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Diverse mangrove forests have higher carbon storage capacity

Mangrove forests have a greater capacity to store carbon when they are diverse, according to a new study published by the British Ecological Society. While analyzing mangrove forests in Hainan Island, China, the researchers discovered that species diversity in mangrove forests improves both biomass production and soil carbon storage. 

Worldwide, there are 70 different species of mangroves and 26 of them can be found in the study area. The research is the first intensive field study of its kind to confirm the positive effect of biodiversity on mangrove biomass and carbon storage. 

The eastern side of Hainan Island was found to have the highest mangrove diversity and  biomass, along with an average carbon storage of 537 tons per hectare. This carbon storage capacity is extremely high compared to the average across the entire island of 328 tons per hectare, and also compared to the global mangrove forest average of 386 tons per hectare.

Areas with higher levels of precipitation and soil nitrogen content were found to have greater mangrove biomass and carbon storage capacity as well. This indicates that mangrove diversity and carbon storage potential are both influenced by soil fertility and climate factors.

“Our findings suggest that mangrove forests with greater diversity also have higher carbon storage capacities and conservation potential. Thus, mangrove biodiversity conservation is crucial for ensuring mangrove forests are able to mitigate climate change,” said study co-author Dr. Guanghui Lin. 

“We can increase mangrove diversity through restoration and conservation projects, especially those that promote local native species.”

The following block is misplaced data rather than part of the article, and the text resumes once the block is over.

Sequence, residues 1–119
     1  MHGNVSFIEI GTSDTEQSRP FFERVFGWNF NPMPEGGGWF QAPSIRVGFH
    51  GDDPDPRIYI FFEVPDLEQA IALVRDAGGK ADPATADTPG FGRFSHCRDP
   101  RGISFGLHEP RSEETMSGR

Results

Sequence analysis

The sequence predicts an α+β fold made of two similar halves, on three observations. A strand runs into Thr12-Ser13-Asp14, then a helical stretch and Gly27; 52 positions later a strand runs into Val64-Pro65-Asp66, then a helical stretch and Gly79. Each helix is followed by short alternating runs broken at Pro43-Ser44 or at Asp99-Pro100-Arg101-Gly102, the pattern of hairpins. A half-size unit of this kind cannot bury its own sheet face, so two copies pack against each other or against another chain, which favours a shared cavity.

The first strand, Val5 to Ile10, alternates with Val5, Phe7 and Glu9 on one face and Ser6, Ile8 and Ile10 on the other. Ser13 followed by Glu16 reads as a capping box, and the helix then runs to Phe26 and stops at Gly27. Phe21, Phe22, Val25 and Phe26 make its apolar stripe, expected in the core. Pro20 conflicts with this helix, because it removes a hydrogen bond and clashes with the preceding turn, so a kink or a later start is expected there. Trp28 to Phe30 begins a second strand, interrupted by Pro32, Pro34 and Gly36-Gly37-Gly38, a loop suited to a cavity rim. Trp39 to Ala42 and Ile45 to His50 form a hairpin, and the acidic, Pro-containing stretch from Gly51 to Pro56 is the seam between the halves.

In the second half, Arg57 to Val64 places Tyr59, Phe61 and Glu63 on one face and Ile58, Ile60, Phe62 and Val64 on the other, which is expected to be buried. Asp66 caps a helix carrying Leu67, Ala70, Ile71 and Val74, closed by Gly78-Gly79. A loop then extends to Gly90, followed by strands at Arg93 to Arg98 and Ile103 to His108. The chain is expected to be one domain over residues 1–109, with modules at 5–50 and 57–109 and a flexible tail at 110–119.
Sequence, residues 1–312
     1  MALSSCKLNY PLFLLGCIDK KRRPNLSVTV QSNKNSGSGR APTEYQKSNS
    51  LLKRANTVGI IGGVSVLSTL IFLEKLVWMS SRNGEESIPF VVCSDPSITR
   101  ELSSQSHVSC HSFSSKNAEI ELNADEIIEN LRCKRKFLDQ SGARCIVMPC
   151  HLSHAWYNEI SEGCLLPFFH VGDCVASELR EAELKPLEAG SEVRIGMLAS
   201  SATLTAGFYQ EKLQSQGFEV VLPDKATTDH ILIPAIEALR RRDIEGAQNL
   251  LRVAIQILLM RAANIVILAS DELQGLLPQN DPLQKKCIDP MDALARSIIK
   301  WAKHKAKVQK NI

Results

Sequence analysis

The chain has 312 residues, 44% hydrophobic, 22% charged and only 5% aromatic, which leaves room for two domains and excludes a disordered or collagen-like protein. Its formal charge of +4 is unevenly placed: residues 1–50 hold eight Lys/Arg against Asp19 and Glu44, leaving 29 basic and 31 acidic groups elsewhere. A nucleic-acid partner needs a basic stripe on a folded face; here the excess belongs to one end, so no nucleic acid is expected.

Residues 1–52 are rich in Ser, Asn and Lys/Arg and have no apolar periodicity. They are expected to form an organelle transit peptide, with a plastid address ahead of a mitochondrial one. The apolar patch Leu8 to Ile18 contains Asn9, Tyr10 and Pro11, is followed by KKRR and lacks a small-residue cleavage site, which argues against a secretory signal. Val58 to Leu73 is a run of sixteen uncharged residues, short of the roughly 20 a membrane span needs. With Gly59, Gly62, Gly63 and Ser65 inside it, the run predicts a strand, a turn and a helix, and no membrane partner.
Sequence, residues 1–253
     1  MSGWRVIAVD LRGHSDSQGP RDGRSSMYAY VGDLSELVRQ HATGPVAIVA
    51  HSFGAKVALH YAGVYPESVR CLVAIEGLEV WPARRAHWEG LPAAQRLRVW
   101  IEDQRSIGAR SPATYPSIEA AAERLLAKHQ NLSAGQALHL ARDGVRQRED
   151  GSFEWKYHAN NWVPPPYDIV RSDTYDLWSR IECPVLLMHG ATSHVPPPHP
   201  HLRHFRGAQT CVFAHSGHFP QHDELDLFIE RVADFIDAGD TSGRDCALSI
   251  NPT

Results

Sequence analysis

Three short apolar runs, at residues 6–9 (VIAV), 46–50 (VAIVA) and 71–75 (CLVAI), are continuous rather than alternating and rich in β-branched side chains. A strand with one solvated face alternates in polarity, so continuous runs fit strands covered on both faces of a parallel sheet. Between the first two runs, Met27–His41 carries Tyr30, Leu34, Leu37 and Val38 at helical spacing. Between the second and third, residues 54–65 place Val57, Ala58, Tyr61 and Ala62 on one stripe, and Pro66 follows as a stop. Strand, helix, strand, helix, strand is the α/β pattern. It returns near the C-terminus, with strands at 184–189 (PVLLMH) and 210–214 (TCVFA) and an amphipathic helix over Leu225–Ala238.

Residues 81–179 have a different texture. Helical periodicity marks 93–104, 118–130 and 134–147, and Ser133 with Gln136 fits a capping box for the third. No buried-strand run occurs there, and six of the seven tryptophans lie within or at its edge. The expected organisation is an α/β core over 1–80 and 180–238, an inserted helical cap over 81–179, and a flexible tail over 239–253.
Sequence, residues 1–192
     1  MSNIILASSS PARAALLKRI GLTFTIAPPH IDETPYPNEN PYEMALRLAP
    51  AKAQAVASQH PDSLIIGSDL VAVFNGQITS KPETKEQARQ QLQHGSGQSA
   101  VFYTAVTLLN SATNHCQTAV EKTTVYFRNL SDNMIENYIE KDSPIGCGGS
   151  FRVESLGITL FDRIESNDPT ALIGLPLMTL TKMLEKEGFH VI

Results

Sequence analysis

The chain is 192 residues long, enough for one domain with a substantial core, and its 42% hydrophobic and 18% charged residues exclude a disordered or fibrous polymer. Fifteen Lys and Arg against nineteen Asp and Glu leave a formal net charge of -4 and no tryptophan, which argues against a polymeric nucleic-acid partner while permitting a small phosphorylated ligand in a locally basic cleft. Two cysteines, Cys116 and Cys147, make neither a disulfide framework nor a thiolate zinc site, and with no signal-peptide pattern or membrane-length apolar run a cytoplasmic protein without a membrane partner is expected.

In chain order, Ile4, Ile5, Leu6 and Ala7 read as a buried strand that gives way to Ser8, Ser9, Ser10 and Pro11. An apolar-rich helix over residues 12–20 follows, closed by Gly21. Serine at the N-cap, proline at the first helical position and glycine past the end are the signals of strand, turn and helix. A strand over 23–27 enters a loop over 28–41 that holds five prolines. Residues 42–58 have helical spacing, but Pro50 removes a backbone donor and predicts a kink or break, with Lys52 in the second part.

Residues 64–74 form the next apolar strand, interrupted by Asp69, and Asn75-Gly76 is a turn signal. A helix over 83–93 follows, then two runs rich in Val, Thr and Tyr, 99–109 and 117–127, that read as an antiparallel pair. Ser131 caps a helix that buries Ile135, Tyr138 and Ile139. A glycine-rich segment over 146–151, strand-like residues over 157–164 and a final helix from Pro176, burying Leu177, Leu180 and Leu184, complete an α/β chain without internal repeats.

Mangrove forests are made up of trees, shrubs and other woody plants growing in the tidal zones of tropical coastlines. This coastal vegetation provides numerous ecological services including water purification, coastal protection, and carbon storage.

“Worldwide, particularly in developing countries such as China, mangroves have been lost or degraded over the last several decades,” said study co-author Professor Xiaoshan. “Restoration of mangrove forests and their habitats are urgently needed not only for preservation of biodiversity but also to increase carbon storage potentials.”

In addition, increasing mangrove species diversity will help to improve the resilience of the ecosystems to disturbances like climate change and extreme weather. As a result,  mangrove forests can continue to serve as specialized habitats that support hundreds of species.

The mangrove species found on Hainan Island ranged from 30-meter tall trees, such as Sonneratia and Bruguerria, to shrubs of only a few meters such as Avicennia marina. The researchers surveyed mangrove biodiversity and carbon storage along the entire coastline of Hainan Island, which contains nearly 20 percent of China’s mangrove forest area.

The study was limited in that it was restricted to a single, isolated island. The experts are currently expanding their research to include the rest of China and other countries with mangrove forests around the world. “This will allow us to test the relationship between plant species diversity and mangrove carbon storage found in this study,” said Dr. Lin.

According to the researchers, their findings highlight the importance of conserving mangrove biodiversity as a nature-based solution to mitigate climate change.

The study is published in the journal Functional Ecology.

By Chrissy Sexton, Staff Writer

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